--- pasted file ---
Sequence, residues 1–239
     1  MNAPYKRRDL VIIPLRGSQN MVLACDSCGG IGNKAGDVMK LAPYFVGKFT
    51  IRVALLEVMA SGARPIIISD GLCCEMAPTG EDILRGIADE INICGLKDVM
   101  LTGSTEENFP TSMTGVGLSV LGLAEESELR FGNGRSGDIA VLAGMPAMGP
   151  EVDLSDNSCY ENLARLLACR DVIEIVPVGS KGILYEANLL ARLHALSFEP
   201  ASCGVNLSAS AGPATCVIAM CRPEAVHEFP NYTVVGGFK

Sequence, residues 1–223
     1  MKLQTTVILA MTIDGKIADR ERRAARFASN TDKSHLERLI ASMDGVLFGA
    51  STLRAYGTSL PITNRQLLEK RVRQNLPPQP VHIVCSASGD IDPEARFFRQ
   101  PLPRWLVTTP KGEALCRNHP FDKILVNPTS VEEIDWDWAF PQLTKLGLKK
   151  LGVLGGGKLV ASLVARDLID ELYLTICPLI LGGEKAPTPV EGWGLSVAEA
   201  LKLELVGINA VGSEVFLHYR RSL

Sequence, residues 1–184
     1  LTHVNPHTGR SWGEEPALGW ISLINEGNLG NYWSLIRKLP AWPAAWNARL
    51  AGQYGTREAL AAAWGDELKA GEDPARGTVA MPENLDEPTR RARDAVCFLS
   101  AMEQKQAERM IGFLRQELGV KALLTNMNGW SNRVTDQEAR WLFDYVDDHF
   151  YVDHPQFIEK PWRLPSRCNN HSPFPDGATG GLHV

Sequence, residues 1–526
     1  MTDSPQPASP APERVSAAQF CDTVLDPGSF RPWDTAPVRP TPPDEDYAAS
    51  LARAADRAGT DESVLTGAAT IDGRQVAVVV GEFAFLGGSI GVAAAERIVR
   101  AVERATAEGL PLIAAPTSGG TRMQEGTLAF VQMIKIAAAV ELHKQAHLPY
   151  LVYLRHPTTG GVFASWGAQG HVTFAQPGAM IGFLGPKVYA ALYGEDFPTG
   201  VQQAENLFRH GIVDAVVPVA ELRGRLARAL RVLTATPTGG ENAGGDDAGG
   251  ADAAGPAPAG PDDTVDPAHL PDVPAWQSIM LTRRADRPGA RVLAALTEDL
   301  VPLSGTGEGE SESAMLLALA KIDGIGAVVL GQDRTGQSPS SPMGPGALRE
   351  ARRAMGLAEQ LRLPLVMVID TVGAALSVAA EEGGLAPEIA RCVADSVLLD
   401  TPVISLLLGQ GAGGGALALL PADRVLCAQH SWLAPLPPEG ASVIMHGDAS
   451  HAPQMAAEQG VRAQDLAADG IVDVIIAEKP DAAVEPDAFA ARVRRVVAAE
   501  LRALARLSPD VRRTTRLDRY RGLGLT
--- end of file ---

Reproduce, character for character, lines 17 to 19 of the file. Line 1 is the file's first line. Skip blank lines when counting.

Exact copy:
   151  YVDHPQFIEK PWRLPSRCNN HSPFPDGATG GLHV

Sequence, residues 1–526
     1  MTDSPQPASP APERVSAAQF CDTVLDPGSF RPWDTAPVRP TPPDEDYAAS